Yet he could not deny that the young man’s somewhat unhinged expression, which was swiftly followed by the most transparent please-kill-me-now expression of mortification he had ever seen on anyone’s face, was the single most hilarious thing he had seen in the past year. Before he could stop himself, he burst out laughing, the laughter making his sides hurt and tears come into his eyes.

Jiang Cheng told him later that he had been tempted to storm off for the second time that day, but Lan Xichen was the first person he happened to meet after an hour’s wandering after all, and also, it was difficult to dislike anyone who laughed so openly like he did, even if it was at his own expense.

When Lan Xichen invited a reluctant Jiang Cheng into the Hanshi for a cup of tea, he fully expected the other to bolt the instant he was done drawing a map of the way back to the main area.

What he didn’t expect was for a chance meeting to turn into an hour’s discussion of the conference (which was more of a one-sided rant by his visitor), and for that to turn into two more hours of chatting. By a mutual silent accord, both parties steered clear of wounds that were still too fresh to prod at, preferring to talk instead about the things that happened after that nightmarish day at Yunping City.

By the time Jiang Cheng took his leave, the younger man had already extracted a promise from him to meet with him again the following day. One day turned into two, and two days turned into three.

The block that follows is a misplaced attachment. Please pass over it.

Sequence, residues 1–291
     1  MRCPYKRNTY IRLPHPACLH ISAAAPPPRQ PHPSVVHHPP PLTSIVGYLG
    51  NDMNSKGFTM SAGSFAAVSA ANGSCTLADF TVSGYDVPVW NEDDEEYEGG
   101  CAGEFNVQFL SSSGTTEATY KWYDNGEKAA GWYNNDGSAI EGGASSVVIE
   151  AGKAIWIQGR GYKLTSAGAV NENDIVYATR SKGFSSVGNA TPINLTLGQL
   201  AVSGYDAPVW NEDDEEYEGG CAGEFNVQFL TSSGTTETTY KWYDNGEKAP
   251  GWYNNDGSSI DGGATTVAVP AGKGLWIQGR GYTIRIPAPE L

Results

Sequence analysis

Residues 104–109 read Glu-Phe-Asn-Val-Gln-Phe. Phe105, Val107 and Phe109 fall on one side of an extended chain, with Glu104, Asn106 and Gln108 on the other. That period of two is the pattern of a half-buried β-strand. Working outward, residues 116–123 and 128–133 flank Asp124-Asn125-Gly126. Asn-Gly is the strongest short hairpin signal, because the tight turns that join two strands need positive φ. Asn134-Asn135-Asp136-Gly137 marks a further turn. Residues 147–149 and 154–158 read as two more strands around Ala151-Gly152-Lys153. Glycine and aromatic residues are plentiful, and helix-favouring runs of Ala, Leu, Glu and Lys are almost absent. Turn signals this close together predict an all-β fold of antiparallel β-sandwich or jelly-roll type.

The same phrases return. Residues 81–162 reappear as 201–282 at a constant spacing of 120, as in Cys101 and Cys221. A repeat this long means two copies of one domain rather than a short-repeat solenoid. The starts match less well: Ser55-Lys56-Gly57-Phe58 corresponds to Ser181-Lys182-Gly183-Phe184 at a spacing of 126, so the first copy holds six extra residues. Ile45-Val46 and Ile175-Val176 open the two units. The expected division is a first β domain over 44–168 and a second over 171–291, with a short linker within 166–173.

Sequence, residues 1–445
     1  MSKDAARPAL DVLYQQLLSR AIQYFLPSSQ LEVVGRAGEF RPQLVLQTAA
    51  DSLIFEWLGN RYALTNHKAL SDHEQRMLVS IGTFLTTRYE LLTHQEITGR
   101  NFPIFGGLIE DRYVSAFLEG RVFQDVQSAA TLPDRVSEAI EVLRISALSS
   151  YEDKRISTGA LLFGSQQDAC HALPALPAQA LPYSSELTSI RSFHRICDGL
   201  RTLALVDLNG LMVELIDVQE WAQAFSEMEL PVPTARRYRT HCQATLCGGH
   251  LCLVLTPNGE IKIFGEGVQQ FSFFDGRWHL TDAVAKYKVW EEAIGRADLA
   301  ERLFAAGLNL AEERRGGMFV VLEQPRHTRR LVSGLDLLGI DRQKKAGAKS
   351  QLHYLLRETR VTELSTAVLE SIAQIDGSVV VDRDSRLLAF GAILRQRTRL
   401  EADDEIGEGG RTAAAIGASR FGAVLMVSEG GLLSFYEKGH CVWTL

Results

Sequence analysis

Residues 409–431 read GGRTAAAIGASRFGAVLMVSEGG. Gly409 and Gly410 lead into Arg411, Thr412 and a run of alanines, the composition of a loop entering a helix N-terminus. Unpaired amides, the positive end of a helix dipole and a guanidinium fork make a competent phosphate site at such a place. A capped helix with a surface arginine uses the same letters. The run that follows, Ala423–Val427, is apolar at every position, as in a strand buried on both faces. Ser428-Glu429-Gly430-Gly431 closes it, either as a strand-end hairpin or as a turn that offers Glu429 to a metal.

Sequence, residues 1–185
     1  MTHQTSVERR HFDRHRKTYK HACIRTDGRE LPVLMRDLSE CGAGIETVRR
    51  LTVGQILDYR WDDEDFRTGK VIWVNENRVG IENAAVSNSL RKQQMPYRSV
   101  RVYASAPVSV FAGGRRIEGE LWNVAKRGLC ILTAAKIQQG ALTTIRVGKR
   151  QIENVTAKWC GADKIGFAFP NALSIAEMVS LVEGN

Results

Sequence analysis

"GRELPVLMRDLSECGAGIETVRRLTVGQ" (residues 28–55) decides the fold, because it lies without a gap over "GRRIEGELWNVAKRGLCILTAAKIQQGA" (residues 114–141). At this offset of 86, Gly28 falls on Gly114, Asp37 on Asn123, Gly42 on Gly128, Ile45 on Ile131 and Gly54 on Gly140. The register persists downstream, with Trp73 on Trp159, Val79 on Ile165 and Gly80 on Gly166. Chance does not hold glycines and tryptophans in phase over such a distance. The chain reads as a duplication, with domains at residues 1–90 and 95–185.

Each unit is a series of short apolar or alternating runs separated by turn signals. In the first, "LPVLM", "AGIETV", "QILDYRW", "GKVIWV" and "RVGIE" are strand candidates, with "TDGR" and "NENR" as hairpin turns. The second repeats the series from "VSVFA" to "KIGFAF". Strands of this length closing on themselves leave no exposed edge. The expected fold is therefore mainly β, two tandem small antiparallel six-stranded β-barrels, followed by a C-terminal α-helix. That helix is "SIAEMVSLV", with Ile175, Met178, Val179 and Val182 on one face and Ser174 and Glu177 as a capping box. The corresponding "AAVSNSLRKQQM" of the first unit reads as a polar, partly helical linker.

Though he was still in seclusion and found it difficult to sustain any interest or pay attention to the world’s affairs, there was something about the straightforward and simple manner in which Jiang Cheng spoke that made Lan Xichen feel incredibly comforted. With Jiang Cheng, he was always included, but never forced to engage.

Over the past few months, he had been alone in seclusion, thinking that that was what he needed to reflect on the choices he had made over the past few years. There were nights in which his thoughts seemed to go nowhere and yet they kept him awake with their endless repetition, asking him what he could have done, should have done, and would have done if he could do it all over again. He knew that there was no point in asking for the impossible, but he couldn't help himself. Night after night, the thoughts crept into his mind and left him shaking.

He wrote lengthy missives to Yunmeng, and received in turn, letters that were much shorter and to the point. Unlike his reputation, which painted him as a violent and unkind man with an out of control temper, Jiang Cheng’s letters were always written with care and they never failed to make him feel better.

They didn’t say that he was forgiven.

No one can do that except yourself.

They didn’t tell him that he would soon forget.

I know how these memories can last a lifetime.

They didn’t urge him to return to being a sect leader.

I don’t want you to be anything else but well again.

And as the seasons flowed one into another, Lan Xichen found himself one day taking up a brush again and penning a letter to his closest friend.

…my friend, you know me better than anyone else at this point, which is why I know it will not surprise you to hear that as of tomorrow, I will officially be leaving seclusion and resuming my duties as the Sect Leader.